Accurate criticism is invaluable when we want to correct our mistakes. In contrast, unwarranted criticism propels us to do something foolish. You’ve felt that truth in your personal life. Now we are seeing that same dynamic played out on the national stage as the media criticizes the Trump administration’s handling of the Wuhan virus. This is what I saw during the reporting on the Wuhan virus.
We want the news media to give us useful distinctions and insights into world events. Disproportionate complaint is not a substitute for good reporting.
- President Trump was criticized as xenophobic and reactionary when he stopped visitors from China entering the US due to the Wuhan virus.
- President Trump was criticized when he asked us to quarantine at home.
- President Trump was criticized when he pointed out that New York state had many ventilators in storage they were not using.
I’m noticing a pattern. I predict that if the epidemic died out tomorrow, then President Trump would be blamed for every person who dies with the Wuhan virus, even if they didn’t die from the Wuhan virus. In contrast, if the president kept the quarantine in place for six months, he would be blamed for destroying the economy and locking people out of work.
The president will be blamed for doing too little, doing too much, acting too early, and acting too late.
That isn’t helpful.
Those complaints on the news might sell car insurance, but they aren’t helpful when we try to figure out the right thing to do. We’ve seen some socialists governments ignore the virus until many people were infected at once. That means we can do too little and do it too late. We know that unemployment leads to addiction and suicide. We already have states where the number of suicide deaths exceeds the number of deaths from the Wuhan virus. That means we don’t want to do too much for too long.
We don’t want to make the cure worse than the disease, and that takes good judgement.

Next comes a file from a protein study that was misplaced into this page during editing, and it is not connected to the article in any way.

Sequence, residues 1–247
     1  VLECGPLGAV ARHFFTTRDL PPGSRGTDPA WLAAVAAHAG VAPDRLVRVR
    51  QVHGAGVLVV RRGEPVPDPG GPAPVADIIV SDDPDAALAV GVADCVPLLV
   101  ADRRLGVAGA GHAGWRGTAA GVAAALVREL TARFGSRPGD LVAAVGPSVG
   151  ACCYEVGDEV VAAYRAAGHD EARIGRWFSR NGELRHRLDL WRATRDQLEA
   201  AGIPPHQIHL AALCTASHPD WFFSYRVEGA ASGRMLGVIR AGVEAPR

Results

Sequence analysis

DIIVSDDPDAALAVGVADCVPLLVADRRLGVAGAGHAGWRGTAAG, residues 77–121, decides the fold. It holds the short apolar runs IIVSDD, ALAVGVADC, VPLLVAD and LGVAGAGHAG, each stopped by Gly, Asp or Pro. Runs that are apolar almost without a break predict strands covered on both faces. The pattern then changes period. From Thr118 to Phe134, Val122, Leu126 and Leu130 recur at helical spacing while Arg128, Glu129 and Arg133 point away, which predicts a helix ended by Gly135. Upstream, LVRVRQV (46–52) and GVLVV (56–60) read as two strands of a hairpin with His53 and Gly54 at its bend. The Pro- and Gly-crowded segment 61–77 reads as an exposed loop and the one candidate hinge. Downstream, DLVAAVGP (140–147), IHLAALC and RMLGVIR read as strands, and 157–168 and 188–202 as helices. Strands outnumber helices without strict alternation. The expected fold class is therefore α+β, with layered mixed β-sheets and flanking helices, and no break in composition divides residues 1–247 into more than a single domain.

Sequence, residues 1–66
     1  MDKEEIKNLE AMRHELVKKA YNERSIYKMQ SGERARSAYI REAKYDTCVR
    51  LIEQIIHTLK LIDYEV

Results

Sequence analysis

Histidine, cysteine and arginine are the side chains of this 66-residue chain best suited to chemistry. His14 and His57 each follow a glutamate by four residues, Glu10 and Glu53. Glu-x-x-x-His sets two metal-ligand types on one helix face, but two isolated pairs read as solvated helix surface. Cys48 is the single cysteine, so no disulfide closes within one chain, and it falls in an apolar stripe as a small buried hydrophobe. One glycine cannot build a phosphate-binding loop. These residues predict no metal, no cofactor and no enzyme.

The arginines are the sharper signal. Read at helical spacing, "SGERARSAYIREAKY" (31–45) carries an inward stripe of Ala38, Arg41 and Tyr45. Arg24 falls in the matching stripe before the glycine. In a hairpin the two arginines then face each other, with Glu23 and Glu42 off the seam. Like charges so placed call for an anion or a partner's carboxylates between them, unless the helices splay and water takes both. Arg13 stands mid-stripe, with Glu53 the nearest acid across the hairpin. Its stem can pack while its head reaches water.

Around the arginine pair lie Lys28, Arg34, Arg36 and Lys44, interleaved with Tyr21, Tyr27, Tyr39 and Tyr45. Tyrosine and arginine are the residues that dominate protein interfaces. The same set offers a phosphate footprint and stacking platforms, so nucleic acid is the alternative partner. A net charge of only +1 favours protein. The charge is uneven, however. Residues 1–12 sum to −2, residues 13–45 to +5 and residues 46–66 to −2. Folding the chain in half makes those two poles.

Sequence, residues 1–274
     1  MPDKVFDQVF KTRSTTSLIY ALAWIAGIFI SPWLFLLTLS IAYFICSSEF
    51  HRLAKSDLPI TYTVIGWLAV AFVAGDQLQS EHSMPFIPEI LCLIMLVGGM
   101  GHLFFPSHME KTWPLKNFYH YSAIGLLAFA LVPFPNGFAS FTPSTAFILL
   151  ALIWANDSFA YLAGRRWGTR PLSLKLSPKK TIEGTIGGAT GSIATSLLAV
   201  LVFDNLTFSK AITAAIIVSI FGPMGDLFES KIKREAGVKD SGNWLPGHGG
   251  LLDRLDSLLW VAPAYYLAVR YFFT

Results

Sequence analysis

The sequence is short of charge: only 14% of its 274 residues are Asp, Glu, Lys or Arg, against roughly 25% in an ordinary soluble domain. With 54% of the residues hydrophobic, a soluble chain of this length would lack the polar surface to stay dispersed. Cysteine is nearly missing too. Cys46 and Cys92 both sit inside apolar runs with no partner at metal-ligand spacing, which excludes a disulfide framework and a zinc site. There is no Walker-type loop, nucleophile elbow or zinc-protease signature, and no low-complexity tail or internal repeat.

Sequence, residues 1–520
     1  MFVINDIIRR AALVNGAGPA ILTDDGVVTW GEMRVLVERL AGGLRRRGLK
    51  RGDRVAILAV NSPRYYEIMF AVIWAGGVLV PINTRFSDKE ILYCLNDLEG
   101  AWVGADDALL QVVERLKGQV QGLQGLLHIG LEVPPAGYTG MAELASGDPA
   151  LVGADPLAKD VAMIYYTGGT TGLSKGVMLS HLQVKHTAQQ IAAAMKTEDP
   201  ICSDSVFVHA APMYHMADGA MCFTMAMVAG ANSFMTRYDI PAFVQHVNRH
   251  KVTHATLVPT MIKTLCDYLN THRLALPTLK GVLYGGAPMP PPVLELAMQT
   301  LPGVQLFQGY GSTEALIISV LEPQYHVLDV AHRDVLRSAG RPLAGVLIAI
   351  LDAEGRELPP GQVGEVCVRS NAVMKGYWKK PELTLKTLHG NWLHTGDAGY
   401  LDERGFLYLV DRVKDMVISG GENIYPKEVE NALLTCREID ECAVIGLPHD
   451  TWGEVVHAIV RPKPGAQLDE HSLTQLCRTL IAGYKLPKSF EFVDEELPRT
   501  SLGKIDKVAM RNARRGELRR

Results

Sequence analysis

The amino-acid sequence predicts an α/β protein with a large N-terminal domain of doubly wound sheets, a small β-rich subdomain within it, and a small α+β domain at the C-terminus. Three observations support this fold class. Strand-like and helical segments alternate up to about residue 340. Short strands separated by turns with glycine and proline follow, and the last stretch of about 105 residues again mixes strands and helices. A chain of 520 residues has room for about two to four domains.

I’ve spoken to doctors I respect. They suggested we quarantine people whose health is at risk if they caught the virus so they don’t all get the virus at once. I’ve also read a limited number of reports that quarantine of assisted living institutions was ineffective in stopping this virus. That contradiction means we have more to learn about good public health practice.
These doctors also said, “Wash your hands.” Unless you have an obsessive-compulsive disorder, I know that is good advice.
There is plenty of criticism to go around. The media ignored the fact that New York State hid ventilators they had in storage while Governor Cuomo complained on the news that people were dying due to lack of ventilators. The media ignored that California’s Democrat governors sold their state’s mobile emergency hospitals, ventilators, and hospital supplies. The media ignored that the Obama-Biden administration disregarded three government reports that highlighted the lack of ventilators in hospitals. The media ignored the news when Canada and Mexico shut their borders with the US. The media’s selective outrage offends me and causes me not to trust the news media.
Politicians often make bad decisions for the wrong reasons. The public pays the price. I’m afraid we’re also taking bad advice from the news media when it comes to public policy. Their misreporting of the facts distorts our view of the world and, in turn, lets our politicians hide from the truth.
Turning the Wuhan virus outbreak into a media sensation will cost us billions of dollars in bad public health policies, and may cost us lives of those unemployed.
I understand the plight of the news media. Today, the legacy media is desperate for viewers because the web has been taking their advertising dollars. The media is selling shock-and-outrage in order to hang onto the few viewers it has left. That is a bad prescription to cure a business problem.. and it’s also making us sick.
Would the media please leave satire for the Babylon Bee rather than putting it on the air masquerading as news.
I think this is more than my personal bias. I want the media to give us the facts and context so we can decide what to do for ourselves.